Slo-mo psych squad Indian Jewelry are reppin’ H-town hard.
POSTER SHOW III featuring INDIAN JEWELRY and AIDS WOLF at Whippersnapper Gallery (587A College), Saturday (September 13), 6 pm doors. $10. 416-887-7483.
Distorted, droning and dead slow, the deranged sonic steez of Indian Jewelry is the complete antithesis of the bouncy bah-baddah-dahing that currently makes the indie rock world go round. It should come as no surprise that the group's recent Free Gold! (We Are Free) disc, the wilfully oblique follow-up to 2006's enjoyably bent Invasive Exotics (Monitor), has been greeted with a resounding chorus of "What the frig?" from online music authorities in basement rec rooms all over the northeastern States.
Certainly, the members of Indian Jewelry must've realized the sort of critical backlash they could be facing for refusing to add the requisite glockenspiel and ukulele embellishments to their recording. But to their credit, they've kept on following their own crooked path, whether or not anyone from outside of their Houston home base was feelin' their twisted take on slow jams.
"We wanted to make a more expressive and all-inclusive record," explains guitarist Tex Kerschen, "something that could incorporate a lot of the music we wrote but left behind in favour of more demanding pieces.
"In a sense, Free Gold! might be considered a collection of our more conventional songs, or maybe I should say songs with more conventional elements. In the past we were pretty merciless about culling any piece that had an obvious folk origin or even anything with definitive changes. This time we just left things hanging out, although most people probably think we were having a band competition to see who could write the slowest songs."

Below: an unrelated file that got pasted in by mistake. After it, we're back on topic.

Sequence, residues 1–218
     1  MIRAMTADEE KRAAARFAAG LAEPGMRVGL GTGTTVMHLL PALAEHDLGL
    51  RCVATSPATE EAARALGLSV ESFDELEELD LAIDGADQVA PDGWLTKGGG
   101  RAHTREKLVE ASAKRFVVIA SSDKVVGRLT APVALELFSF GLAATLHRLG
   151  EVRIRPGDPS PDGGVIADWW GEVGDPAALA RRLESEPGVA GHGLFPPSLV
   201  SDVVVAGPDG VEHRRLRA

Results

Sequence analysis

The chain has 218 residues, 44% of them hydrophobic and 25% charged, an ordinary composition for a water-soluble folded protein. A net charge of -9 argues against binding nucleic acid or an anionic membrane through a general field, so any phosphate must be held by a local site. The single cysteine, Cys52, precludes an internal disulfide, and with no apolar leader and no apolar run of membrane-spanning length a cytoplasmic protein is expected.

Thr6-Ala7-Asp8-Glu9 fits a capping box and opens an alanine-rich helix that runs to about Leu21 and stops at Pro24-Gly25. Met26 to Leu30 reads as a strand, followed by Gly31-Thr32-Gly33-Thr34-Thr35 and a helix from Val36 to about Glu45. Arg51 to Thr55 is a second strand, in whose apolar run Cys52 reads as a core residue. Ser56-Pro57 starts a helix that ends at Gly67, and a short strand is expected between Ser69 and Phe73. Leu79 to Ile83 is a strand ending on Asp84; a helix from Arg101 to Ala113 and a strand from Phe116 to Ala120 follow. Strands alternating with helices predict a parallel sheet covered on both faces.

Where Indian Jewelry are coming from will make a lot more sense if you know something about music trends in Texas. For decades, H-Town has been all about the downtempo sound, from the first blue notes picked by Sam "Lightnin'" Hopkins and the beatific folk poetry of Townes Van Zandt right on through to the chopped 'n' screwed bump popularized by the late hip-hop producer Robert Earl Davis Jr., aka DJ Screw. Indian Jewelry are just carrying on the long-standing Houston musical tradition of taking it easy.
"Yeah, I can see that," concurs singer/keyboardist Erika Thrasher. "DJ Screw, with his idea of ‘Let's slow it down a little bit,' was definitely an influence - really, that whole slowed- down atmospheric and distorted sound that he pioneered.
"We all have a lot of love for our hometown hero, DJ Screw," continues Kerschen. "The other part is that I've been listening to the music of Willie Nelson and Leonard Cohen for most of my life. Those were the records my parents played when I was a child, and I find myself being drawn to that music more and more. And you know neither one of those guys is in a hurry."
Selling vinyl singles at shows has proven to be a great hedge against rising gas prices for Indian Jewelry according to keyboardist Erika Thrasher.
Evidently the members of Indian Jewelry have enough unreleased material stock piled to crank out singles for years to come.